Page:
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This past week featured an anniversary of sorts.  On June 27, 2005 Barney Frank held court - in congress no less - on the absolute impossibility of there being a housing bubble.  As befits a political power-broker with huge swaths of the mainstream media as little more than playthings in his hand, it is unsurprising that Frank received little in the way of backlash for playing such a major role

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The Federal Reserve's Open Market Committee (FOMC) recently announced a significant policy departure from what had been its determination to increase interest rates and to unwind the Federal Reserve's balance sheet.  In September 2008, the Fed's balance sheet was about $800-billion.  The assets on the Fed's balance sheet are the Treasury bonds and other financial assets the Fed holds; the liabi

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Because of this week's upcoming FOMC meeting, I thought it was appropriate to re-visit an article from about six months ago.  The article was written in the wake of what appeared to be - at the time anyway - the Federal Reserve's determination to 'normalize' monetary policy.  The most obvious manifestations of this normalization would be higher interest rates and a smaller Fed balance sheet.  (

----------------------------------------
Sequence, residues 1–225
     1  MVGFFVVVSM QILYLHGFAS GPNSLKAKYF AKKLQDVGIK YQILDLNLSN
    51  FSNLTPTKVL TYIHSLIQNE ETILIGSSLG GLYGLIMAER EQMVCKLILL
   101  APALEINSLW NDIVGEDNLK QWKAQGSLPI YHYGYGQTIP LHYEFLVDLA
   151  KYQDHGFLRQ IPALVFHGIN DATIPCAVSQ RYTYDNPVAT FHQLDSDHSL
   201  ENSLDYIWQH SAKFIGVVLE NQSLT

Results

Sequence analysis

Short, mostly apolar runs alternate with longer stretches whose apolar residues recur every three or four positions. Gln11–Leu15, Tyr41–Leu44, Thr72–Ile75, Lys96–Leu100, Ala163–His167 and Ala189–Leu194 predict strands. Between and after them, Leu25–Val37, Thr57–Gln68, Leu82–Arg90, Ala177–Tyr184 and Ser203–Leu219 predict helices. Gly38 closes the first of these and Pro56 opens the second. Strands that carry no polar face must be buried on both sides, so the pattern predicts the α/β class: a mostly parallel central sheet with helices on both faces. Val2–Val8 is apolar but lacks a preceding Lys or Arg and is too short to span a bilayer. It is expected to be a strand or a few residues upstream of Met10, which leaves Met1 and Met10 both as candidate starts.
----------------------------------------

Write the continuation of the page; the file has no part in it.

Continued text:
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This is a re-print of a blog post that ran one year ago this week.  President Clinton's speech from June 5, 1995 is discussed.  The policies and objectives laid out by President Clinton in this speech played an enormous role in the housing bubble and, by extension, all of the Federal Reserve's monetary policy interventions that came in the wake of the housing bubble's collapse.  It is no ex

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Lawrence H. Summers is a walking, talking advertisement for this website.  The basis of this website is provided by only two simple conclusions.   

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